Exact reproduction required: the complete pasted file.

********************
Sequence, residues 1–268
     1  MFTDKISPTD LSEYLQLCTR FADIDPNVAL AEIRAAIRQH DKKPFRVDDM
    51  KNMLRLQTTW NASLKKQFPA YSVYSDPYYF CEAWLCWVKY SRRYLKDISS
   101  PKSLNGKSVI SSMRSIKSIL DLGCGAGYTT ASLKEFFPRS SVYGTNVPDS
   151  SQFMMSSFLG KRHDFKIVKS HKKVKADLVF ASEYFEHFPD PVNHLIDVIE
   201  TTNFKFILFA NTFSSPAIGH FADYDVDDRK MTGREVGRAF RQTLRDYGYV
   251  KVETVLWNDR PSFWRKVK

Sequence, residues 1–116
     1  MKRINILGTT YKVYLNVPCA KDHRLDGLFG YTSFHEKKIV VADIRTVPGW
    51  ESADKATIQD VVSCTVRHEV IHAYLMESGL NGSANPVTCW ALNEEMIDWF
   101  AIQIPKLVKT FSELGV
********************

Sequence, residues 1–268
     1  MFTDKISPTD LSEYLQLCTR FADIDPNVAL AEIRAAIRQH DKKPFRVDDM
    51  KNMLRLQTTW NASLKKQFPA YSVYSDPYYF CEAWLCWVKY SRRYLKDISS
   101  PKSLNGKSVI SSMRSIKSIL DLGCGAGYTT ASLKEFFPRS SVYGTNVPDS
   151  SQFMMSSFLG KRHDFKIVKS HKKVKADLVF ASEYFEHFPD PVNHLIDVIE
   201  TTNFKFILFA NTFSSPAIGH FADYDVDDRK MTGREVGRAF RQTLRDYGYV
   251  KVETVLWNDR PSFWRKVK

Sequence, residues 1–116
     1  MKRINILGTT YKVYLNVPCA KDHRLDGLFG YTSFHEKKIV VADIRTVPGW
    51  ESADKATIQD VVSCTVRHEV IHAYLMESGL NGSANPVTCW ALNEEMIDWF
   101  AIQIPKLVKT FSELGV